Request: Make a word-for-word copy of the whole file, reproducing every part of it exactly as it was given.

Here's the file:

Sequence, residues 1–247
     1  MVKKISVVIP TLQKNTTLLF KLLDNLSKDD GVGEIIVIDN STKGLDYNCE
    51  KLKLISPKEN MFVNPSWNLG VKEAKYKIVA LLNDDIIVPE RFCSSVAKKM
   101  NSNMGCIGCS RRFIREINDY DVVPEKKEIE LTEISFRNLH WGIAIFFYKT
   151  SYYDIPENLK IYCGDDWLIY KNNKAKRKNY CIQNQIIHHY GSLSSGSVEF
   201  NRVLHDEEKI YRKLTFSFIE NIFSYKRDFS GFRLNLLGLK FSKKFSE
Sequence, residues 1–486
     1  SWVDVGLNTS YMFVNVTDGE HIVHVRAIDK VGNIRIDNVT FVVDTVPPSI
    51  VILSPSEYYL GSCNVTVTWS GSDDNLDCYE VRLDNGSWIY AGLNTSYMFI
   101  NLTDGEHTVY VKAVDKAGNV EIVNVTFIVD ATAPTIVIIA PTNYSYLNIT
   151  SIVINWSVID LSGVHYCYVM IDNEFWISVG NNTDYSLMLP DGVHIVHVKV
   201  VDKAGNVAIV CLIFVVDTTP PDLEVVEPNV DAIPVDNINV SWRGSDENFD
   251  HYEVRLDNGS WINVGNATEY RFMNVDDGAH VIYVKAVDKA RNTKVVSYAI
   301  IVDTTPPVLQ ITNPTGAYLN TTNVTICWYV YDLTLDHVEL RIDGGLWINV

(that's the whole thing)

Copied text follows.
Sequence, residues 1–247
     1  MVKKISVVIP TLQKNTTLLF KLLDNLSKDD GVGEIIVIDN STKGLDYNCE
    51  KLKLISPKEN MFVNPSWNLG VKEAKYKIVA LLNDDIIVPE RFCSSVAKKM
   101  NSNMGCIGCS RRFIREINDY DVVPEKKEIE LTEISFRNLH WGIAIFFYKT
   151  SYYDIPENLK IYCGDDWLIY KNNKAKRKNY CIQNQIIHHY GSLSSGSVEF
   201  NRVLHDEEKI YRKLTFSFIE NIFSYKRDFS GFRLNLLGLK FSKKFSE
Sequence, residues 1–486
     1  SWVDVGLNTS YMFVNVTDGE HIVHVRAIDK VGNIRIDNVT FVVDTVPPSI
    51  VILSPSEYYL GSCNVTVTWS GSDDNLDCYE VRLDNGSWIY AGLNTSYMFI
   101  NLTDGEHTVY VKAVDKAGNV EIVNVTFIVD ATAPTIVIIA PTNYSYLNIT
   151  SIVINWSVID LSGVHYCYVM IDNEFWISVG NNTDYSLMLP DGVHIVHVKV
   201  VDKAGNVAIV CLIFVVDTTP PDLEVVEPNV DAIPVDNINV SWRGSDENFD
   251  HYEVRLDNGS WINVGNATEY RFMNVDDGAH VIYVKAVDKA RNTKVVSYAI
   301  IVDTTPPVLQ ITNPTGAYLN TTNVTICWYV YDLTLDHVEL RIDGGLWINV